We are going to have a quiz tomorrow,” my Biology teacher said on the first day of school. “What’s a quiz?” I whispered to my sister. “I don’t know,” she replied. Many things, including this incident, made my first week in this country a very remarkable and funny experience. The school system was different and even the language was new.
On the first day of school, my sister and I entered the school, not knowing where to go. Fortunately, a man approached us and said, “What’s your name?” he said it so fast that I thought I was in a Chinese school. “Can you say that slower, please?” I said in broken English. “What-is-your-name?” he asked again. With my eyebrows raised, I threw a bewildered glance at my sister. She looked at the man and said, “His name is Nour Aulabi, and mine is Sara Aulabi.” He looked at the list he had and before he left he said, “Go to ESL 07.” It took us 15 minutes to decode ‘ESL 07.’ Eventually, we got to our class. During the first period, we filled out a lot of paper work. After the bell rang, I was ready for my second-period teacher to come in. “Where is everyone going?” I asked my sister. “I don’t know, but let’s just follow them.” She replied. Back home, teachers would go from one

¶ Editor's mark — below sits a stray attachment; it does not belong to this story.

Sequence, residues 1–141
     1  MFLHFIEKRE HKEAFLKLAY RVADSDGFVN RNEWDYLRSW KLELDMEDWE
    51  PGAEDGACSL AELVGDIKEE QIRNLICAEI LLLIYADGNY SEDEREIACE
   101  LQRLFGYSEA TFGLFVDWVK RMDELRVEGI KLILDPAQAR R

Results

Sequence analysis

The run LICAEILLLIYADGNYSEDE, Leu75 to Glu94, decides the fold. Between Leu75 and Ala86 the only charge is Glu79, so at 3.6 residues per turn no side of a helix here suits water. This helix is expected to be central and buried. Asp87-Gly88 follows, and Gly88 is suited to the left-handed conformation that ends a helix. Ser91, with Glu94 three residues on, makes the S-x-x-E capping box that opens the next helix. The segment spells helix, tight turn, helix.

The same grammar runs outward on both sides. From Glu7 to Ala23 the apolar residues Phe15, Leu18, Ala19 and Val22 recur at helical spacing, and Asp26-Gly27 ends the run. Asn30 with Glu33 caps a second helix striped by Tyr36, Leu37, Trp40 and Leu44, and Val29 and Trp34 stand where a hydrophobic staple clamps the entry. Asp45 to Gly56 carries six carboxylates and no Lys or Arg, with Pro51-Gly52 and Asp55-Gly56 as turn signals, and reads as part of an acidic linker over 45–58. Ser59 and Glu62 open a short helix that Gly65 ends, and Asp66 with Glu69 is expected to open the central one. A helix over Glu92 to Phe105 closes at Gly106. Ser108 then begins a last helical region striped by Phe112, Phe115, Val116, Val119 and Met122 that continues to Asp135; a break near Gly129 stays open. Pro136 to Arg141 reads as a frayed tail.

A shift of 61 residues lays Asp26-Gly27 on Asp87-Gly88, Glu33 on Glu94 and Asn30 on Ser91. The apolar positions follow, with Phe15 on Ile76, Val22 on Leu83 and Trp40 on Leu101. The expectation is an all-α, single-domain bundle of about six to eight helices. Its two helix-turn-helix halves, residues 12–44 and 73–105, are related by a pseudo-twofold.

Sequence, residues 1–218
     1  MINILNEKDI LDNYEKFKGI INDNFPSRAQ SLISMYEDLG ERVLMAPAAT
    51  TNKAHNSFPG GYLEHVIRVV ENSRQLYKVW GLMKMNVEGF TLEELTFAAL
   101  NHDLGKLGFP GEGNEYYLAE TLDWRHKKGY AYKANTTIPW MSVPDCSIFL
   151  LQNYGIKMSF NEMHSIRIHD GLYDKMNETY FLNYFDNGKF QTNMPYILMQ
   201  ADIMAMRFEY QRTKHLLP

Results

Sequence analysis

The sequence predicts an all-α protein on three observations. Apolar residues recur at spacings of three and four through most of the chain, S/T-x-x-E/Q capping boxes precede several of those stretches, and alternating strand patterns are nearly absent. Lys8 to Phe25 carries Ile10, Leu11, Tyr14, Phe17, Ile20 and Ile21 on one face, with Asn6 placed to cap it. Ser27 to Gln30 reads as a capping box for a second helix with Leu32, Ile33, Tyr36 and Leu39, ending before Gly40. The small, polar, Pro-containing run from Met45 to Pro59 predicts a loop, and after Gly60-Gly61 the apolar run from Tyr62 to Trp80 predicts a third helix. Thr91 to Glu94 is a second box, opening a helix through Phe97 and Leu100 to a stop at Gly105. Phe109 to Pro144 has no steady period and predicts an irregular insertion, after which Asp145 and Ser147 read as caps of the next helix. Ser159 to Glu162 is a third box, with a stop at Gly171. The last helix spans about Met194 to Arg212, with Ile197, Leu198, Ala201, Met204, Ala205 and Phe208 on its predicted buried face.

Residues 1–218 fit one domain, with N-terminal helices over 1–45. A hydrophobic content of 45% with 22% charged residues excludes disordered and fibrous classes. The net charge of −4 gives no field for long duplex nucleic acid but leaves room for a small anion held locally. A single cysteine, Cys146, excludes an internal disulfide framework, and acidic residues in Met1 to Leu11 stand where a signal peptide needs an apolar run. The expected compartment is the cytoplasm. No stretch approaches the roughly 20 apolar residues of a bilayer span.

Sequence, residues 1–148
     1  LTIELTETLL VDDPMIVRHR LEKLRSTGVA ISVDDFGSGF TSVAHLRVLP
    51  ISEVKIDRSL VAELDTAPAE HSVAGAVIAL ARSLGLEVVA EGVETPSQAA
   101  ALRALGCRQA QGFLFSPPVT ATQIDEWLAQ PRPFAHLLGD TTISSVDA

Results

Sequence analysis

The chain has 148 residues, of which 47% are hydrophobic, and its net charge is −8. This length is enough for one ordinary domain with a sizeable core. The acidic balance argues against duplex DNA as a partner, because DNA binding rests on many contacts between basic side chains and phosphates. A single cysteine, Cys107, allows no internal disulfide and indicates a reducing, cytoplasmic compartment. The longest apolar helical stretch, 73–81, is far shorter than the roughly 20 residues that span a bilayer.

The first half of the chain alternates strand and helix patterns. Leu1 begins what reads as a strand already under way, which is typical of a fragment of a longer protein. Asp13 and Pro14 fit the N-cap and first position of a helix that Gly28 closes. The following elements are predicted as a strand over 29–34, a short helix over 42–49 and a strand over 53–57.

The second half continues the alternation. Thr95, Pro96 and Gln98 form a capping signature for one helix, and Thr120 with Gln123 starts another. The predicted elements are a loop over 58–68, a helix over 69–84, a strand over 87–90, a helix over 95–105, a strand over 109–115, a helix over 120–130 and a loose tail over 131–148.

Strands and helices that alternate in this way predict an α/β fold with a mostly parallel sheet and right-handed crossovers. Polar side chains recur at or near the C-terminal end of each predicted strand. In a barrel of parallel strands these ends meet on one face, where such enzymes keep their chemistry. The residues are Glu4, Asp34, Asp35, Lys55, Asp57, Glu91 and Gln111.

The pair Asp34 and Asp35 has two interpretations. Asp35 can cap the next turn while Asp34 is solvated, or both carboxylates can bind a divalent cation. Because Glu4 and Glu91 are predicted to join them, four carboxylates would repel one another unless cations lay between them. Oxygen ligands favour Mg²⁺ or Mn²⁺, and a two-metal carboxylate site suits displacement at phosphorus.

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Back in our country, tests are considered a very major event that everyone needs to prepare for. At the end of the hallway, people split. My chemistry teacher didn’t really call it a quiz; she said it was merely a “reality check. Many teachers offer various extra-credit points, but students wouldn’t earn it simply because they ‘don’t feel like it,’
On that same day, there was a parent-teacher conference. class to another, and students would stay in the same room, but we discovered that the school system is different over here. I couldn’t understand what had happened, but my father explained it later. She cut the silence by saying that we don’t have to worry about the quiz, and that it was not going to affect our grade. After students took the...